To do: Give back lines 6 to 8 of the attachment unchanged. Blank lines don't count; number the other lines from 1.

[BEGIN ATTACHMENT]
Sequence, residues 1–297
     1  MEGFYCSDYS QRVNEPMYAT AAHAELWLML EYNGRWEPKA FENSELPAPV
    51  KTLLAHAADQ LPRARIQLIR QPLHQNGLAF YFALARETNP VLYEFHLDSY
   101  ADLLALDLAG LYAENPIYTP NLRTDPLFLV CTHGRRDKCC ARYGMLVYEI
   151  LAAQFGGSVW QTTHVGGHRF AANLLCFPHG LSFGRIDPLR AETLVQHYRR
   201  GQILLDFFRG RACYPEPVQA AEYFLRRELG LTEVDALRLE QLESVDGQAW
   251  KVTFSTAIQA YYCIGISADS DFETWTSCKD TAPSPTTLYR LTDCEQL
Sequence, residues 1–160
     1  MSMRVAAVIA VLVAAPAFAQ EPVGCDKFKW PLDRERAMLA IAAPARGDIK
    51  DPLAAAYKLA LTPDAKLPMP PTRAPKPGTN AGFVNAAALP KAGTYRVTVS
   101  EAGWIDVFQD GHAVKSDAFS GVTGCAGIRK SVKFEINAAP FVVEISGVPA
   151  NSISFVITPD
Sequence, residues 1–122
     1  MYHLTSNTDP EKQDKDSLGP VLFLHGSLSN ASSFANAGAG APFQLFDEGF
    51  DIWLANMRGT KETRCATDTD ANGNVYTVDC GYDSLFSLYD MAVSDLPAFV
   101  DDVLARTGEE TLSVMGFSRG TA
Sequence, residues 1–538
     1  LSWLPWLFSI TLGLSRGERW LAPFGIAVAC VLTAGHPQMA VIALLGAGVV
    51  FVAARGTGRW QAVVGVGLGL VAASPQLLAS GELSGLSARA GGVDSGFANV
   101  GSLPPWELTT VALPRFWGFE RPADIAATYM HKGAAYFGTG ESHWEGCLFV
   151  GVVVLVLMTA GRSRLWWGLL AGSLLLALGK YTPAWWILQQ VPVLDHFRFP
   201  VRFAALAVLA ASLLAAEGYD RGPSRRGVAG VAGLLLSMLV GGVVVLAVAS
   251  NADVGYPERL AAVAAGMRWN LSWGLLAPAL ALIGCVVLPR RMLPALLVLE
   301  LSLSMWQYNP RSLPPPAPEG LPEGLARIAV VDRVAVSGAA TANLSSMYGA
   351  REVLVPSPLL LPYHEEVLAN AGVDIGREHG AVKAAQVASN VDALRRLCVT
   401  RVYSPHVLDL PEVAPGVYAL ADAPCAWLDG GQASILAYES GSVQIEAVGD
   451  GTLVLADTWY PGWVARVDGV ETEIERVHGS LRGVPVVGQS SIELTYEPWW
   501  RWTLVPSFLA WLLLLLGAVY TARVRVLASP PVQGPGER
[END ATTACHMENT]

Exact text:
   201  GQILLDFFRG RACYPEPVQA AEYFLRRELG LTEVDALRLE QLESVDGQAW
   251  KVTFSTAIQA YYCIGISADS DFETWTSCKD TAPSPTTLYR LTDCEQL
Sequence, residues 1–160